1896 – Tristan Tzara, Romanian and French avant-garde poet, essayist, journalist, playwright, critic, editor, and performance artist.
1899 – Rosario María Gutiérrez Eskildsen, Mexican writer, poet, linguist, lexicographer, and educator who is remembered for her studies on the regional peculiarities of speech in her home state of Tabasco.
1903 – Jhinabhai Ratanji Desai (better known by his pen name Snehrashmi), Indian Gujarati-language author, poet, autobiographer, short-story writer, and activist for Indian independence.
1910 – Berton Roueché, U.S. writer and author who wrote for The New Yorker magazine for almost 50 years; his medical mysteries inspired many story lines of the television show House.
1912 – Edmond Jabès, Egyptian Jewish writer, poet, and playwright who was active in Cairo’s artistic and literary avant-garde culture and was one of the best known literary figures to write in French after World War II, until he was forced to flee to France in 1957 when Egypt expelled most of its Jewish population; his work after exile from Egypt reflects a consciousness deeply troubled by the brutality of the Holocaust.
1912 – Garth Williams, U.S. illustrator of children’s books including many that have become classics, including Charlotte’s Web, Laura Ingalls Wilder’s “Little House” books, and a dozen Little Golden Books.
1914 – Hiro Saga (嵯峨 浩), Japanese memoir writer who was a relative of Emperor Shōwa and the sister-in-law of Puyi, the last monarch of the Qing dynasty of China; after her marriage, she was known as Aishinkakura Hiro or Aixinjueluo Hao.
1916 – Behçet Necatigil, important Turkish author, poet, translator, and teacher who was also known for his radio dramas.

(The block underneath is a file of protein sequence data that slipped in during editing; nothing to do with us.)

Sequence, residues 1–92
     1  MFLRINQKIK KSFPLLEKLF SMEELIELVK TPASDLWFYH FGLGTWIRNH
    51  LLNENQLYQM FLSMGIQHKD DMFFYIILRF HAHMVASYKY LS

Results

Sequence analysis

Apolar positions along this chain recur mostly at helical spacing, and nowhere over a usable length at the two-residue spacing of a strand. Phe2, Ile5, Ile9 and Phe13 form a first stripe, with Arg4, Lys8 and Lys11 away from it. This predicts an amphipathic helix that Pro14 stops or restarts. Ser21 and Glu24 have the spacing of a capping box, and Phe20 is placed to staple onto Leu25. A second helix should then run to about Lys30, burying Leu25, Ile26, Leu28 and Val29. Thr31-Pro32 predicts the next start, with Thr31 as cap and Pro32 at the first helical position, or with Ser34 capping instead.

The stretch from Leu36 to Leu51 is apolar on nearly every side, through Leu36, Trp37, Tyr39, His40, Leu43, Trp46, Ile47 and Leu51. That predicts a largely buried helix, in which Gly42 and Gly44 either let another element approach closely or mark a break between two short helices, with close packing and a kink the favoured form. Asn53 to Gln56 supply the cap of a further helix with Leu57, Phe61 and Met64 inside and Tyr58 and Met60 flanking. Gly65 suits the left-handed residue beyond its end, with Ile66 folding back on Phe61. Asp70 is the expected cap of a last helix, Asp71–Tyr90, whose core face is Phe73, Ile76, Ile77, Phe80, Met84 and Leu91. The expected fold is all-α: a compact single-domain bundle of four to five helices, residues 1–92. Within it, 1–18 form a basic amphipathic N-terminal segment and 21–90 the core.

1922 – Kingsley Amis, English writer known for his comic novels; he also wrote a James Bond novel under the pseudonym Robert Markham.
1930 – Carol Bly, award-winning U.S. author of short stories, essays, and nonfiction works about writing; she was also a teacher.
1935 – Sarah Kirsch (born Ingrid Bernstein), German poet, writer, translator, children’s author, and activist who she changed her name to Sarah in protest against her father’s anti-Semitism); she is regarded as one of the greatest German-language post-war poets.
1939 – Diane Middlebrook, award-winning U.S. biographer, poet, and professor who wrote critically acclaimed biographies of Anne Sexton and Sylvia Plath.
1945 – Sebastian Smart Barker, British poet whose work has been compared to that of William Blake in its use of the long, ecstatic line and his “ability to write lyric poetry which used simple words to encapsulate profound meanings.” He was the son of Canadian poet Elizabeth Smart and English poet George Barker.
1961 – Margaret Kudirat Ladipo, Nigerian author, researcher, chemist, and academic.
1961 – Izuru Narushima, award-winning Japanese scriptwriter and film director.
1969 – Daphna Hacker, award-winning Israeli writer, jurist, sociologist, academic, and legal scholar.
1970 – Makoto Nakamura (中村 誠), Japanese screenwriter and producer of anime.
1972 – Tracy K. Smith, Pulitzer Prize-winning U.S. African-American poet, memoirist, and radio host; she is best known for her poetry book Life on Mars and for being named U.S. Poet Laureate.
1980 – Khaya Dlanga, award-winning South African author of In My Arrogant Opinion and To Quote Myself: A Memoir.
1982 – Dareen Tatour, Palestinian Israeli poet, photographer, and social media activist who writes in Arabic.